I will add that I’m a Vlaada Chvatil fanboy, so I may be biased, but Mage Knight has enough going on that you’ll find some aspect or aspects that you’ll love. My favorites are choosing which cards you’ll discard to gain movement or combat bonuses and which ones you’ll use for their effect, and how you share the dice pool with the other players. But you’re also likely to find an aspect or two that you aren’t too crazy about. My main sticky point is the game’s combat system: too clunky and mathematical at times. There’s a reason Mage Knight gets a lot of praise, it’s earned it. If you’re interested in an epic fantasy board game, you should check it out.


Behind the Game

The tabletop game for this week uses a mountain of mechanisms. A gaming experience can be affected if even one mechanism is out of whack and that may be what happened when Sorry! traded dice rolling for a deck of cards.

I’m not alone in the tabletop gaming community for my disdain of Sorry!. I’ve already went on a tirade about Sorry! in the past and cited that it lost the tactile goodness of dice rolling, but it goes deeper than that. By trading dice for a deck of cards, Sorry! shifted game play from deploying the competence of dice rolling to the deterministic approach of cards. Most people prefer competence.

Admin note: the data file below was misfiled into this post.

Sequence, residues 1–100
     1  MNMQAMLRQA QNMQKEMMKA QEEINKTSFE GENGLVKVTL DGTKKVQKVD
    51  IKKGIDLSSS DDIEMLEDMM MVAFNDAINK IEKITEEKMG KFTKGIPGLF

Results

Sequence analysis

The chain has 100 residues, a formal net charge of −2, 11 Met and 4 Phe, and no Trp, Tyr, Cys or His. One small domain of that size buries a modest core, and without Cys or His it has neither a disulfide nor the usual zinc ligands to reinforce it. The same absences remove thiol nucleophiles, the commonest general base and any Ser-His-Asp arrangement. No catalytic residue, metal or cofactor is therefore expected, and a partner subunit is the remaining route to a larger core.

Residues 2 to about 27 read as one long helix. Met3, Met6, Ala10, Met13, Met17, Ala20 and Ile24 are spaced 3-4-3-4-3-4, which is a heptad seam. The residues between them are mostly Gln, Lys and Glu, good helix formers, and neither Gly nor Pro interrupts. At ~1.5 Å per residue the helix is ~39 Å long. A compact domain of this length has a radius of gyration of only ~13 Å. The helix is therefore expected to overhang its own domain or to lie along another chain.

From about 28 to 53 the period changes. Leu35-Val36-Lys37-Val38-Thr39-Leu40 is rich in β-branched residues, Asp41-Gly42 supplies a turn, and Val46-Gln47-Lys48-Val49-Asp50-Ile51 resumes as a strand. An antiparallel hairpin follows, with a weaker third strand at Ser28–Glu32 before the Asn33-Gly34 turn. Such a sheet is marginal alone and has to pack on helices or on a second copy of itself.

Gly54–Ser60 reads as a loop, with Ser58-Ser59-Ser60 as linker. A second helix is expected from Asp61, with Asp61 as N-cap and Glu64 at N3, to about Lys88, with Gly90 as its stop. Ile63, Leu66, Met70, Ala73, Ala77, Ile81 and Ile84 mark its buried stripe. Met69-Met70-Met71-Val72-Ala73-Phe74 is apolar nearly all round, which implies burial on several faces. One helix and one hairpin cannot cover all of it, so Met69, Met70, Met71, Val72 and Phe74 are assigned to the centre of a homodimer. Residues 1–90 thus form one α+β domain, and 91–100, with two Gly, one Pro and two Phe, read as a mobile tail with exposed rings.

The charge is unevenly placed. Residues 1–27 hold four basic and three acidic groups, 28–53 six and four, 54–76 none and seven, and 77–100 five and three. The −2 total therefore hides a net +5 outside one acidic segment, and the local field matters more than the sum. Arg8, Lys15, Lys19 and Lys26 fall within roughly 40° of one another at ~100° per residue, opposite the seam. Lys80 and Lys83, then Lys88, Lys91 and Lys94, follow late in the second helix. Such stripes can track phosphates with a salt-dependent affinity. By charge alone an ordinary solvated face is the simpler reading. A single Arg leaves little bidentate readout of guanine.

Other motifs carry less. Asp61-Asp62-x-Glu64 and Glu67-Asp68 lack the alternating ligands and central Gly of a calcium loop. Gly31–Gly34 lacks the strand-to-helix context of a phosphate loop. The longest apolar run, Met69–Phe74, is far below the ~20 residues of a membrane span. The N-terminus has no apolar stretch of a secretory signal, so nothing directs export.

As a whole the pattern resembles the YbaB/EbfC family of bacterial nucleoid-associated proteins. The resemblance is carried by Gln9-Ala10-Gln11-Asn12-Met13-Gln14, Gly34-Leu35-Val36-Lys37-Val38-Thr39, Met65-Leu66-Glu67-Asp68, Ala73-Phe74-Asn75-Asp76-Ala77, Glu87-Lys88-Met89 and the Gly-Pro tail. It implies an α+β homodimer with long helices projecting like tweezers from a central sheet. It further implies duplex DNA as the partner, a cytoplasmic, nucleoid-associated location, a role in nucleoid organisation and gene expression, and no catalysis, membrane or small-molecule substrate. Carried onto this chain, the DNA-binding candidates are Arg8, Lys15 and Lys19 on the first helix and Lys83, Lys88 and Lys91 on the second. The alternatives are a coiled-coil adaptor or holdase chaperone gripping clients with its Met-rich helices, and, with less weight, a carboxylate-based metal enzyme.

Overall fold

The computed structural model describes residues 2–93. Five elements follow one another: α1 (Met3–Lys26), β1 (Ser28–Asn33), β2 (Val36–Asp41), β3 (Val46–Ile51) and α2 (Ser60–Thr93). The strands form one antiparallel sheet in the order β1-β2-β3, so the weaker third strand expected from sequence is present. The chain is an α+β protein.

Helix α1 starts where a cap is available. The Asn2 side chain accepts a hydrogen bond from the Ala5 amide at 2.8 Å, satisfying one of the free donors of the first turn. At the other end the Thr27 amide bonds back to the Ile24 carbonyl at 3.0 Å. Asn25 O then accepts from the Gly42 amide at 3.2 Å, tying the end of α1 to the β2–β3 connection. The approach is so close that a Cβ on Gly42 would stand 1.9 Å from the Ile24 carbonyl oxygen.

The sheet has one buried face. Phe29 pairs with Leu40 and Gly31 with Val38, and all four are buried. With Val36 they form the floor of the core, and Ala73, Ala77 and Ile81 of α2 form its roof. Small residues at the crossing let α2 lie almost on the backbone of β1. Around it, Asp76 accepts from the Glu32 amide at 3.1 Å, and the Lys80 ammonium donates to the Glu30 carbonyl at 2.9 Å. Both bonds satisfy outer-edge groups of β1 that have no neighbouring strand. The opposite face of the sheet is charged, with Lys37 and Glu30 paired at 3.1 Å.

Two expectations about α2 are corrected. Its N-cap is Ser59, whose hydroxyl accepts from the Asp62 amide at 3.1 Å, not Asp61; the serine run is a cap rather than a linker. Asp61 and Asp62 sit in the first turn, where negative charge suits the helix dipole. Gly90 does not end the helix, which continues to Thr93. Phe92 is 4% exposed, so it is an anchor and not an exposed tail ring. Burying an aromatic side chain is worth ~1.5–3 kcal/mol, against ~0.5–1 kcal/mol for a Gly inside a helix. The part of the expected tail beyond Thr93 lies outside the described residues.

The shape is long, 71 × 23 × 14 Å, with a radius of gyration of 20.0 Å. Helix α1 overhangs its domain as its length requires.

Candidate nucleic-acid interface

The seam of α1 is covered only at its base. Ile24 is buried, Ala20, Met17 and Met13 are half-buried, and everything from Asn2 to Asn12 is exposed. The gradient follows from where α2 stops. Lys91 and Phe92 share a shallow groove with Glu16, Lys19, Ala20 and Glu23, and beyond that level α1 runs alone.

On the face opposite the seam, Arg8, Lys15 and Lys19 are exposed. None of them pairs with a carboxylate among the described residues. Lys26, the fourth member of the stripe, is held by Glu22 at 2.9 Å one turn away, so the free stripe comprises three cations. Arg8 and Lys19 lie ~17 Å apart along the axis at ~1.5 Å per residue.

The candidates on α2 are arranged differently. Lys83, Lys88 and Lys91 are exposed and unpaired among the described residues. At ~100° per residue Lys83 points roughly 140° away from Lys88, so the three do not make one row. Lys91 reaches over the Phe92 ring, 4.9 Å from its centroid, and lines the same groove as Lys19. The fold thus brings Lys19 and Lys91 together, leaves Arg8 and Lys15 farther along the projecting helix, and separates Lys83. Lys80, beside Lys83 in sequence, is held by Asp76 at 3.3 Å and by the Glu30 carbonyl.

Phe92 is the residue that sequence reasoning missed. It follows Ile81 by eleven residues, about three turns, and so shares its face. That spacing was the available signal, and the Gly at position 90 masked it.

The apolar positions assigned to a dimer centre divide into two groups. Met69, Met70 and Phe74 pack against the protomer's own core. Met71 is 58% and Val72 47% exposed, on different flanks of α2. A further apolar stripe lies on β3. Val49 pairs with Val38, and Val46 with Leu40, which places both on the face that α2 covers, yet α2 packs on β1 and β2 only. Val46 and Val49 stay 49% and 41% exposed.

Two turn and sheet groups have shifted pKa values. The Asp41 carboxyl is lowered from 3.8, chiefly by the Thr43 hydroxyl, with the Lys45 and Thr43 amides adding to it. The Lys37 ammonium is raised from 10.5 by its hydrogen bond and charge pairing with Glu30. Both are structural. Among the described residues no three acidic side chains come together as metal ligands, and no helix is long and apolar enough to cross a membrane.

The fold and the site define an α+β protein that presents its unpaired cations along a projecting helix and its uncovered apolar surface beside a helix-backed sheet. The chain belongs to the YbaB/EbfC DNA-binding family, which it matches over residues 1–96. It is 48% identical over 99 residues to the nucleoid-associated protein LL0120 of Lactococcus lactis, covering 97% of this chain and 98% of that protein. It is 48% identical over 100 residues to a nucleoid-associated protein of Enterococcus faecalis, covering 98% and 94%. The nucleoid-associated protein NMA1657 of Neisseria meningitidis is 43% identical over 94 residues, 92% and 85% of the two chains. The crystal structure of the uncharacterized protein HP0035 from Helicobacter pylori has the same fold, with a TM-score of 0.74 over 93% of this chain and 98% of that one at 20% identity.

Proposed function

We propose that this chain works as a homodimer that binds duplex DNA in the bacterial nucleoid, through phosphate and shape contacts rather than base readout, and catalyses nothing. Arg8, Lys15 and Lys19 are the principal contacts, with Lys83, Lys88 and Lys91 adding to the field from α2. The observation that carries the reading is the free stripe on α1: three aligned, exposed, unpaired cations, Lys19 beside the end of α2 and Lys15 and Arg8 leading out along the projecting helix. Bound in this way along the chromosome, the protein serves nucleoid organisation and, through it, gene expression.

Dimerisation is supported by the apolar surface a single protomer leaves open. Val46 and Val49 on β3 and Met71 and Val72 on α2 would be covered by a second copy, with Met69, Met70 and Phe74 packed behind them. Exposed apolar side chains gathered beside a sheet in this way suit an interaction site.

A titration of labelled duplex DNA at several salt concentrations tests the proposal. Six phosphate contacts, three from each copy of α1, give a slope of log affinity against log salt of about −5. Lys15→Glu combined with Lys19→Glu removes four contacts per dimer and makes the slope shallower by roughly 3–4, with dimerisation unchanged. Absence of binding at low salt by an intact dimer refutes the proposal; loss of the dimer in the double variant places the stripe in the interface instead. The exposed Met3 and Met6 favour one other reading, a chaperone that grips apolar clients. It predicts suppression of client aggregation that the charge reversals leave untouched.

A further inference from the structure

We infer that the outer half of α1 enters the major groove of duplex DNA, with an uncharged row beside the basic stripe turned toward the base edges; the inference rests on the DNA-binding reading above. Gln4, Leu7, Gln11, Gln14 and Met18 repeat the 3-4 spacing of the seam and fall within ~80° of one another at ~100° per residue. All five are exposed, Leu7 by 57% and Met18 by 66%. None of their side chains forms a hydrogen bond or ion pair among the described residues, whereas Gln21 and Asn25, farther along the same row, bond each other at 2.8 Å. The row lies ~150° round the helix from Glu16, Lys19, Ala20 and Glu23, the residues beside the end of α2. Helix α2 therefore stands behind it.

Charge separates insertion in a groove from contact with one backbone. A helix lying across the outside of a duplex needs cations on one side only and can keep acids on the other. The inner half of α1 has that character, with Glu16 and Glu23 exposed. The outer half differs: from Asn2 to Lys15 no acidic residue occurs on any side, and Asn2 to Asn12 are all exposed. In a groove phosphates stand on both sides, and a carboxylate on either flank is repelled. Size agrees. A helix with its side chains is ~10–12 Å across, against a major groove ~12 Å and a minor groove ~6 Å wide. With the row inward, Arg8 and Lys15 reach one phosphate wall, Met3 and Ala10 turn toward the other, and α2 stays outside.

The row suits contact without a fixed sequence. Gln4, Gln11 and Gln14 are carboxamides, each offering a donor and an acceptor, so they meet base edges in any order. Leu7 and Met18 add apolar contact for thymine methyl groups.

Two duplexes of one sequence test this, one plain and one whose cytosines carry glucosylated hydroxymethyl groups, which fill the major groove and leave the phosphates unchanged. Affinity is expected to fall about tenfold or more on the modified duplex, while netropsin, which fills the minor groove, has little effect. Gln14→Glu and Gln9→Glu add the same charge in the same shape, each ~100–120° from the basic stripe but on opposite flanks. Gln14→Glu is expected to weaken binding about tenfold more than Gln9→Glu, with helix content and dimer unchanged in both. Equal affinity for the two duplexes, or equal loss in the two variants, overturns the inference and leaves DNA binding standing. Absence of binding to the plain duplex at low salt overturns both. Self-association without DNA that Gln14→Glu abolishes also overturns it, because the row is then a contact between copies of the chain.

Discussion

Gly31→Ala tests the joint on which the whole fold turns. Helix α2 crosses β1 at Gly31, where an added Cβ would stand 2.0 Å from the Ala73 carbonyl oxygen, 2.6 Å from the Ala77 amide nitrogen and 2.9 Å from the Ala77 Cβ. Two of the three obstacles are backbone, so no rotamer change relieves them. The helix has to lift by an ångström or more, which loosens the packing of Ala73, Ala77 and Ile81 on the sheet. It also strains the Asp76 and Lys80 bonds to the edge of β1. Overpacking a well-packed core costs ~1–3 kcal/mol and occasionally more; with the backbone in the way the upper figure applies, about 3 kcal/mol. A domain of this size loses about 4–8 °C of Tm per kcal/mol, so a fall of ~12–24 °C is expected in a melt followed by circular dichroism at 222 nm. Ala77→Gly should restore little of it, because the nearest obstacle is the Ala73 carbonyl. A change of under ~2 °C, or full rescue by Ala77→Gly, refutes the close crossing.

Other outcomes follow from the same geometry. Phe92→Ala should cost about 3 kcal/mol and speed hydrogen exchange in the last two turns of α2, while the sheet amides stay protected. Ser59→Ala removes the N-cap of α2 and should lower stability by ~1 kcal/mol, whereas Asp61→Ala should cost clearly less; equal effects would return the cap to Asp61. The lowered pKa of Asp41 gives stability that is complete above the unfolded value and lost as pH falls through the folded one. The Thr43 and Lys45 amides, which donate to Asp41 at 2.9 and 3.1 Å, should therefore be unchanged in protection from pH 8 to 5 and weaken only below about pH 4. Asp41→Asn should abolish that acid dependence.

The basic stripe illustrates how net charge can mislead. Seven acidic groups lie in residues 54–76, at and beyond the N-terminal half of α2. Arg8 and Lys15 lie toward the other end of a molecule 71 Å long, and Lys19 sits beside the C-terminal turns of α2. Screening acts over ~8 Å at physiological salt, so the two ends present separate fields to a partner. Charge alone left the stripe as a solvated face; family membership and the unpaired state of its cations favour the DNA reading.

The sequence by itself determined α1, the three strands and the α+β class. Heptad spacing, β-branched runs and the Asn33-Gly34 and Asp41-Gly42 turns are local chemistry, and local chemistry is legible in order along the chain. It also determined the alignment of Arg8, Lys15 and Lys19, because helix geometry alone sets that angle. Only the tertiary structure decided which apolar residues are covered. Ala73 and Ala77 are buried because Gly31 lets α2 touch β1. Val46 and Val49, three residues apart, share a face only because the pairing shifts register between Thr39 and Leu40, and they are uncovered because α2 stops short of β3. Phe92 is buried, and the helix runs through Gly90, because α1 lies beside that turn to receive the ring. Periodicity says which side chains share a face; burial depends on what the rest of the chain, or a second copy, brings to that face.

Let’s play a game. Well, let’s play two games. In both games, you pick even or odd numbers and win $5 if a traditional die shows the number type you chose and win nothing if the die doesn’t show the number type you picked. The difference between these two games comes with who gets to roll the die.

In the first game you get to roll the die. In the second game I rolled a die in a cup before you showed up and reveal the die’s result after you make your choice. Now, there’s no way for me to cheat you in the second game, even if I doctored the roll, because I don’t know if you’ll pick even or odd, but most people would prefer the first game. In fact, during a questionnaire given out by University of Alabama sociologist students, folks were given this choice and two thirds of them picked the first game. Mathematically there’s no difference between the two games because players named their number type. Your expectation of winning is the same, but this comes back to the concept of competence.